Cross-references indicate that further information relating to a particular headword can be found at another entry. A cross-reference hyperlink is in small capitals with the numbered sense specified where relevant. The part of speech is given only if this is necessary to distinguish the main entry being referred to.

Types of cross-references

Cross-references are used for three main purposes:

First, cross-references are used to indicate relations of exact synonymy between headwords. In such cases only one headword is defined. Cross-references to synonymous headwords follow the definition.

aandblom, noun . . . aandblommetjie; evening flower
damba, noun . . . a. The galjoen (sense 1), Coracinus capensis

Second, cross-references introduced by ‘cf.’ (compare) show a strong link — but not full synonymy — between words, or that a headword is better understood by contrasting it with another headword.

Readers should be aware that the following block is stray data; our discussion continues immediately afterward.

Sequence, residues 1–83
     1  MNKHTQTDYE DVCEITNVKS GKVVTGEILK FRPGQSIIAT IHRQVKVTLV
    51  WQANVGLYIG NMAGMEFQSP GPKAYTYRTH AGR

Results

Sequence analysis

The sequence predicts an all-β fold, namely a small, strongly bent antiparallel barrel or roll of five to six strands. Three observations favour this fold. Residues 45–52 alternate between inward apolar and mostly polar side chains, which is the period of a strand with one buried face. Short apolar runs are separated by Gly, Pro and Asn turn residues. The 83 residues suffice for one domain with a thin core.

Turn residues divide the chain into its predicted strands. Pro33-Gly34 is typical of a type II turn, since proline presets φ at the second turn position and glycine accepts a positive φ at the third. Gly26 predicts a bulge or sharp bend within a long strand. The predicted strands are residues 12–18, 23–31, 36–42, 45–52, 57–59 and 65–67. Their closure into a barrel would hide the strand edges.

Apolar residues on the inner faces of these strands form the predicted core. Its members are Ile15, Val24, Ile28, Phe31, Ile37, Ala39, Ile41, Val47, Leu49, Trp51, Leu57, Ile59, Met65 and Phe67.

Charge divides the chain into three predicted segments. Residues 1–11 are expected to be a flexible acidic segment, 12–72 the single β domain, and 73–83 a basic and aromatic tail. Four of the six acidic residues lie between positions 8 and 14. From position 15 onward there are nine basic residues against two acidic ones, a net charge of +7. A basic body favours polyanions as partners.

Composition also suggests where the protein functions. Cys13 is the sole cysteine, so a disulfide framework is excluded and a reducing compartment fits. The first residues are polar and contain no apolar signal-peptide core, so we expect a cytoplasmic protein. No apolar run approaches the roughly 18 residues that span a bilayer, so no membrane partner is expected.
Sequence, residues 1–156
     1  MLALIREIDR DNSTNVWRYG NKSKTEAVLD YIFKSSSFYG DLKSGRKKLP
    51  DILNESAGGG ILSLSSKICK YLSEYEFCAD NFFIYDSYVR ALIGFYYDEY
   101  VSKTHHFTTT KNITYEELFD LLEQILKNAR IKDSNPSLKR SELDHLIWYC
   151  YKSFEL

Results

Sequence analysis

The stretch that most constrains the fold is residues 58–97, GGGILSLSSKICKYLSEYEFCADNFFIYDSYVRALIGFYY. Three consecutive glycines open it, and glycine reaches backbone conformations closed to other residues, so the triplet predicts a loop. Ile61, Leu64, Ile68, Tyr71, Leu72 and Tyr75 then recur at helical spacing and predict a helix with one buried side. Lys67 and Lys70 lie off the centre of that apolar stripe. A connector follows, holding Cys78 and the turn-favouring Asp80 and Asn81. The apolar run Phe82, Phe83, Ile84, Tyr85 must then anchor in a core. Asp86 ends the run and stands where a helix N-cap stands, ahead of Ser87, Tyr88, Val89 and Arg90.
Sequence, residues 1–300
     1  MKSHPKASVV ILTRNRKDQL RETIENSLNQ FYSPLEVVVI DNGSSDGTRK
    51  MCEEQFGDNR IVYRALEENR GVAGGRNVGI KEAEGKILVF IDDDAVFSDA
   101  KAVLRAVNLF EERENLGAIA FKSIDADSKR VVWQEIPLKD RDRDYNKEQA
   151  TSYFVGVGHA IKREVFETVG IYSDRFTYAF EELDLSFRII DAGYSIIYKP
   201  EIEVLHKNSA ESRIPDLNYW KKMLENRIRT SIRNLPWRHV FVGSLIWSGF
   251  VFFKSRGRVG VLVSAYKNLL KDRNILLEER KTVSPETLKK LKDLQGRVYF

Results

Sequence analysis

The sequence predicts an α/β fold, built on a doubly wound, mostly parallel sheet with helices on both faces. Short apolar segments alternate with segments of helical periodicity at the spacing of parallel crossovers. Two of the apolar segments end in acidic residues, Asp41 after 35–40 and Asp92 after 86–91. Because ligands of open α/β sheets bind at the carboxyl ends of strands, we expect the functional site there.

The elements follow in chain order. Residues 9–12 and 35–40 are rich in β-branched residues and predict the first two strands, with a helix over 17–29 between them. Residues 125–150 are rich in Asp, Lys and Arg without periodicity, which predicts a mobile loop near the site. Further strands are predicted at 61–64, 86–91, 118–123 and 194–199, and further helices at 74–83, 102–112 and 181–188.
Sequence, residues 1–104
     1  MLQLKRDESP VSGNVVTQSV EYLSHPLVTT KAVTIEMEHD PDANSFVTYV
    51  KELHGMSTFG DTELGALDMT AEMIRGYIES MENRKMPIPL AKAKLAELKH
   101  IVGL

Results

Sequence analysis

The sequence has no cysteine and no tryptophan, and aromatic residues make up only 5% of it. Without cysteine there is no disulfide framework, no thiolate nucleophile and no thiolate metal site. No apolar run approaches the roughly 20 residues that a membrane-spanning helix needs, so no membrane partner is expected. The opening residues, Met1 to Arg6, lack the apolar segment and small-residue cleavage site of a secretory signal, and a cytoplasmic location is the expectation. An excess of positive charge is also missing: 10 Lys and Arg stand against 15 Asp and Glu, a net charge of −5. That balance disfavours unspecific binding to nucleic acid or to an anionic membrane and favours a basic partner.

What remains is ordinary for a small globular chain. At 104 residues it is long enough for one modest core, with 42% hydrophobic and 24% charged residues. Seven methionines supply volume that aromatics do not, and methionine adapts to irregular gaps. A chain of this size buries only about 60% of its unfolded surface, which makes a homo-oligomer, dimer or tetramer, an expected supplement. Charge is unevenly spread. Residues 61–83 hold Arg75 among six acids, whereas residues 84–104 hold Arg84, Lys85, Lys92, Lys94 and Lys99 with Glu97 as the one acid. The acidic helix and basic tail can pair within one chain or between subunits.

advice office, noun phrase . . . Cf. aid centre
sloot, noun . . . cf. donga

Third, cross-references introduced by ‘See also’ indicate that useful or complementary information can be found by referring to another headword.

kennetjie, noun . . . See also boeresport
breker, noun . . . See also main man

Multiple cross-references

If there is more than one cross-reference included in a definition, links to synonyms are given first, followed by less closely related words that provide complementary information. Within each group of cross-references, items are arranged alphabetically.